Tesla had his Edison, Holmes had his Moriarty and Spielberg has his Lucas. Having a rival or arch-nemesis can really drive your creativity to new heights.
There are two kinds of creative competitions. The first, a rivalry, is the healthier of the two. With a rivalry you find someone whose work you admire and try to top them. Paul McCartney has said that listening to the Beach Boys’ Pet Sounds drove them to create Sgt. Pepper’s which consistently shows up on critic’s lists as the best album of all time. Usually with Pet Sounds at number two. The members of Monty Python talk about how they respected the comedic taste of the other group members so much that it drove them write more and better sketches to top everyone else at table reads.
For this kind of rivalry to work you need to find a living person who is around your age and produces work you admire and aspire to. If it is someone you know, it makes it even better because you’ll have someone whose opinion you respect to bounce your ideas off of. Pick something of theirs that you admire and create something better. Top them. If you can’t, throw it away and try again.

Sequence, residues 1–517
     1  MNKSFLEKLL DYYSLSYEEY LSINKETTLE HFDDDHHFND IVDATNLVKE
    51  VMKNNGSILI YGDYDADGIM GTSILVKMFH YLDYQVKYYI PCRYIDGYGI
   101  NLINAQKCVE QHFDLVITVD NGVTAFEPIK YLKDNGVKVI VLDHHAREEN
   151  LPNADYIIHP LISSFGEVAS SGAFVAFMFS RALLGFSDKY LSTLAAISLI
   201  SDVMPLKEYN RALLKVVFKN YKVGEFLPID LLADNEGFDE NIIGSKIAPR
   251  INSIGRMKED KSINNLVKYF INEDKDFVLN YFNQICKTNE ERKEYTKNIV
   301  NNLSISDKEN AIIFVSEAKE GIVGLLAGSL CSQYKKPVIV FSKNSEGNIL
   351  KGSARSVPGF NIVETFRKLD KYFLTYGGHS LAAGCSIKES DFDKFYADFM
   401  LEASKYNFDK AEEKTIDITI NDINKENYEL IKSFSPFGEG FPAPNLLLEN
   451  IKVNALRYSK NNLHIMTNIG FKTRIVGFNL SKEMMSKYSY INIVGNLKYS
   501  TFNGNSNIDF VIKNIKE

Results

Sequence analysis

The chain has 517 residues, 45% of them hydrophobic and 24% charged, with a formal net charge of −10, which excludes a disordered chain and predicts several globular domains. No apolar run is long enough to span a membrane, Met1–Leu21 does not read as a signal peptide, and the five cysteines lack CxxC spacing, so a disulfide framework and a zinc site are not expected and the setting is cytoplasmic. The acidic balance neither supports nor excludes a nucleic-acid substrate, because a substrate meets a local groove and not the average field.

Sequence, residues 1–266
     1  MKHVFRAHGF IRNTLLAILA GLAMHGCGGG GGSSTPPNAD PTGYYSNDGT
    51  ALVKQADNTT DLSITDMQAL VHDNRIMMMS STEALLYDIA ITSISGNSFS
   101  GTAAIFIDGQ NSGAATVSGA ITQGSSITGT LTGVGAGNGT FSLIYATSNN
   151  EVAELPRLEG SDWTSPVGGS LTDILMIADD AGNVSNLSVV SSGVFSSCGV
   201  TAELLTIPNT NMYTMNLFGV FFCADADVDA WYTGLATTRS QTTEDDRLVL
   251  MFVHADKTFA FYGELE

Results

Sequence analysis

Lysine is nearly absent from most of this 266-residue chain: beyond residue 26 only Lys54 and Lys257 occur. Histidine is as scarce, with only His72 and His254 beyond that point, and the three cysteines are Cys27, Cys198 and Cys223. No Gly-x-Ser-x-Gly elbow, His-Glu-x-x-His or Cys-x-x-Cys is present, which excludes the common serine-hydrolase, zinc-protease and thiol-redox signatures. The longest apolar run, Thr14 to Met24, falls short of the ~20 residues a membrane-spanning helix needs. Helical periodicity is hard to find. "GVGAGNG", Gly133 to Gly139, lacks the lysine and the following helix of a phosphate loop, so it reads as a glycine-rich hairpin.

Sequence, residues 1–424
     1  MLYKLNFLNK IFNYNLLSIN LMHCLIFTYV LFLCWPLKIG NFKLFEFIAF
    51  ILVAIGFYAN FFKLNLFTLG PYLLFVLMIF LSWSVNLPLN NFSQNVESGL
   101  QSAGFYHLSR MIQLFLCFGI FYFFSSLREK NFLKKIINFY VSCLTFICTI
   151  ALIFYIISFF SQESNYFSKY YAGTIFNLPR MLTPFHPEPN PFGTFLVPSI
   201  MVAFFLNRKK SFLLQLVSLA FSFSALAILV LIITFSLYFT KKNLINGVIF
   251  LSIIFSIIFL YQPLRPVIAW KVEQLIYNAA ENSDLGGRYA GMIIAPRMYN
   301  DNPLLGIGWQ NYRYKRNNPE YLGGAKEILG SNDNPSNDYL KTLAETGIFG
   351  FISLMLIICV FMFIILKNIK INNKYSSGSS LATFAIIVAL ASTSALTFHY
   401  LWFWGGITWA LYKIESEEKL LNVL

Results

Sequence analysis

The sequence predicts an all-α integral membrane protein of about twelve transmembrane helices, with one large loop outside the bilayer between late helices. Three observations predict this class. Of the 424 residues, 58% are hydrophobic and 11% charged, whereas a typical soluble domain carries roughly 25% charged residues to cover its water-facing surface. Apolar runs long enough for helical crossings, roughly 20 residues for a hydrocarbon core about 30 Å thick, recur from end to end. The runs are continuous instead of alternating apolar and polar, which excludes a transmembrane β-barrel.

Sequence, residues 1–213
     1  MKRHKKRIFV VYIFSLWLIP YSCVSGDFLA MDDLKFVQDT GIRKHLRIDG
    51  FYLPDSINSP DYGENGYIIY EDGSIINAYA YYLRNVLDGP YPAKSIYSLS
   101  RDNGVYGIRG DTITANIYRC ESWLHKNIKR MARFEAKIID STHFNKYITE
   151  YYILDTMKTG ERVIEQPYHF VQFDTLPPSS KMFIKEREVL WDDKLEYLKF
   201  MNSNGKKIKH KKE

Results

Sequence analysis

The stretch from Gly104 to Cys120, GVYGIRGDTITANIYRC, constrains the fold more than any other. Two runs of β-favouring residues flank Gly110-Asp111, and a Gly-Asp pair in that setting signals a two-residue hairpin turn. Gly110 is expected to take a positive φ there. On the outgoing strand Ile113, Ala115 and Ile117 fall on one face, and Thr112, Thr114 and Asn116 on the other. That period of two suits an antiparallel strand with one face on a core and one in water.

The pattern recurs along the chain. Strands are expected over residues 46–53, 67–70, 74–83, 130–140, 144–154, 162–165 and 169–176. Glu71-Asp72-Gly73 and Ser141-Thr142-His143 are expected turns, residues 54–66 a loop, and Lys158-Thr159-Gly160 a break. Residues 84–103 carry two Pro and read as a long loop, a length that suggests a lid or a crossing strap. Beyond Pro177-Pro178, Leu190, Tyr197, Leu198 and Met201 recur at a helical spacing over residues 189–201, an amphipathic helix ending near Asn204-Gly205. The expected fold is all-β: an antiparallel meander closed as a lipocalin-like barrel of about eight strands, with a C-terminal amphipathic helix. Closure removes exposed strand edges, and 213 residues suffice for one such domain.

The second type of challenger is an arch-nemesis. This can be more dangerous and more fruitful. It involves picking someone you don’t like who is successful and using them to define yourself. By picking someone who has qualities you don’t like or respect, you are forced to define what you are. Also, watching them succeed will eat on you and drive you try even harder. This is where the danger comes in.
Tesla and Edison hated one another to illogical distraction. Brian Wilson of the Beach Boys hallucinated that Paul McCartney and Phil Spector were out to get him.
One of my favorite recent arch-nemesis confrontations was between Larry the Cable Guy and David Cross. Larry is a “low brow” comedian who has lots of jokes about bodily wast and David Cross is an independent comedian given to long rants about George Bush. Cross made an offhand comment about Larry in Rolling Stone that led Larry to devote a chapter in his book to Cross. Then, Cross wrote an 11 page rebuttal, manifesto, clarification on his website. Not only is this response incredibly funny, it also is a great clarification of what Cross believes and who he is. That is useful information for anyone to have about themselves.
So, if you want to produce smarter, more creative, more vibrant work, consider a rivalry or arch-nemesis. The constant challenge of having to create better work will drive you to new heights!